Interview series

Theofilos Poutahidis, D.V.M., Ph.D.

Interview with Theofilos Poutahidis, D.V.M., Ph.D.

Date: 15.01.2016

Location: Thessaloniki, Greece

Short Bio Theofilos Poutahidis graduated from School of Veterinary Medicine, Aristotle University of Thessaloniki (AUTh) and did his PhD in veterinary pathology at the same institution. He was a postdoctoral fellow at the Division of Comparative Medicine, MIT. Since 2002 he is faculty in the Laboratory of Veterinary Pathology, AUTh, where currently holds the position of Associate Professor. His work focuses on the tumor microenvironment. One important aspect of his research is, how certain gastrointestinal bacteria affect carcinogenesis.

YAAC: Dr. Poutahidis thank you very much for making time for this Interview. Some cancer researchers might work with animal models. From a veterinarian’s perspective: how important is the cooperation of doctors and vets in this field?

Dr. Poutahidis: You’re raising a very important issue here. Cancer research demands the collaboration of scientists from many different fields. Learning how to perform a diagnostic method or a laboratory technique doesn’t make you an expert, and good science is based on experts. In my opinion, when the research involves animals, veterinarians should always be involved. And I am not only talking about their regulatory role. I am talking about collaboration at the purely scientific level of animal model selection, animal handling and treatment, analysis and interpretation of results etc. If we have meaningful animal research we could also reach an acceptable level of translatability in human medicine practice. The bedside of our fellow human beings is the ultimate goal of biomedical research. Let’s never forget that. The benefit of human patients will then translate back to animal patients and benefit them as well.

YAAC: There were surely moments in your career, which sustained your perseverance or even led to a turning point. What was the most exciting one?

Dr. Poutahidis: Well, every time we discover something fundamental, such as a new biological phenomenon is a very exciting moment. If I had to choose one moment though… It was back in 2002 at DCM/MIT. I was examining the histopathology of mouse colonic tissue from experiments we were performing back then. I saw under the microscope evidence that confirmed our scientific hypothesis. Immunodeficient Rag2 knockout mice, when infected with the gastrointestinal murine bacterium Helicobacter hepaticus, develop invasive colorectal cancer. The moment that I shared this result with the PI of the study Suzan Erdman must have been really exciting, since we were both jumping up and down like children in the main hallway of the Division. This was the beginning of a line of research that continuous until today. This research examines the link between gastrointestinal bacteria and systemic effects that influence the risk of carcinogenesis throughout the body.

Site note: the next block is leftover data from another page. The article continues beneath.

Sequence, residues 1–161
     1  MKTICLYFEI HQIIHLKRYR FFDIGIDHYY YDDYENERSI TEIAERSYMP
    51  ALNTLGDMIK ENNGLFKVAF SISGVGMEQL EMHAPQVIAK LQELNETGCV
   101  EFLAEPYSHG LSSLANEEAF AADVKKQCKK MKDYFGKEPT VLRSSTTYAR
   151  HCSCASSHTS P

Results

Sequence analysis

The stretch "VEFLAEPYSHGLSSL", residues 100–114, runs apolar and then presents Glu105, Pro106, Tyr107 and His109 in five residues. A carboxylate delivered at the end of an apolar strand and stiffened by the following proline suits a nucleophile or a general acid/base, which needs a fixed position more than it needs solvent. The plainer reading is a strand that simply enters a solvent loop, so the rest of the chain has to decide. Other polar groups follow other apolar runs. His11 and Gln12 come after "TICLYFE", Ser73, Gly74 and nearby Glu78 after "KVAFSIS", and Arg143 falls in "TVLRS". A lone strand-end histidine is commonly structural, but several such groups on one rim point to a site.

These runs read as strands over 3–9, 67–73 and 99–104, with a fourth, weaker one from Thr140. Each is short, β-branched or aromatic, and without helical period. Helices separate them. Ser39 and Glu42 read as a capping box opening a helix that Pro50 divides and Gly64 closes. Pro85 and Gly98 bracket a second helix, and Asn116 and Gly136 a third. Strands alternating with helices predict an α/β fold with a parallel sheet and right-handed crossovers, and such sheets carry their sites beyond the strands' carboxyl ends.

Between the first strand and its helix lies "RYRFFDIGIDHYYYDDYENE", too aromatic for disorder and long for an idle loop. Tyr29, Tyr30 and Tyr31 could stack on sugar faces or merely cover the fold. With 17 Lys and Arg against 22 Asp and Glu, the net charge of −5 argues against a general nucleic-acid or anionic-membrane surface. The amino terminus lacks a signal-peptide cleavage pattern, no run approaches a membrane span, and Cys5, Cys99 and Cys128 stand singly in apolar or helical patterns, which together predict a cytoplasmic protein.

YAAC: How did you cope with the hard times during your career?

Dr. Poutahidis: The difficulties can be multi-faced, but there is only one way to cope with them. Not giving up. Consult with experienced people who have proven their value and wisdom and friendship. Think with a clear mind and as rationally as possible. If after that you still think is worth it, you have no other option than to persist. Your persistence though should be calm rather than aggressive.

YAAC: Are there any abilities that a young researcher should possess or develop for their work?

Dr. Poutahidis: There are of course some standard skills, which are being taught by every experienced researcher to their younger colleagues. And there are also qualities that are by large innate, such as being passionate and innovative and able of both synthetic and analytic scientific thinking. You should be able to collect and analyze details without losing the broader picture.

YAAC: …Last but not least: You have a reputation as a good teacher. Would you like to give some advice to the freshmen in cancer research?

Dr. Poutahidis: Cancer is a chaotic disease-with the mathematical meaning of the term. Therefore, young researchers will have to learn to respect this and take it into in account when performing research. Cancer cannot be approached with arrogance. Despite our technological advances and progress, cancer remains a major killer of the human kind. Cancer is comprised of a genetically unstable population of cells that proliferate at an extraordinarily high rate. Millions of cancer deaths each year make it obvious that the battle against cancer is asymmetric, with human kind often being the weaker element. To date, cancer research efforts directly confront malignancy on its own terms. Is it about time to be smarter in our battle against cancer? How can we do that? You young cancer researchers will be the generation that will have to seek the answer to this question.

YAAC: Thank you very much for the interview and good luck with your future work!

(This interview was conducted by Despina Trouli on behalf of the Young Alliance Against Cancer)

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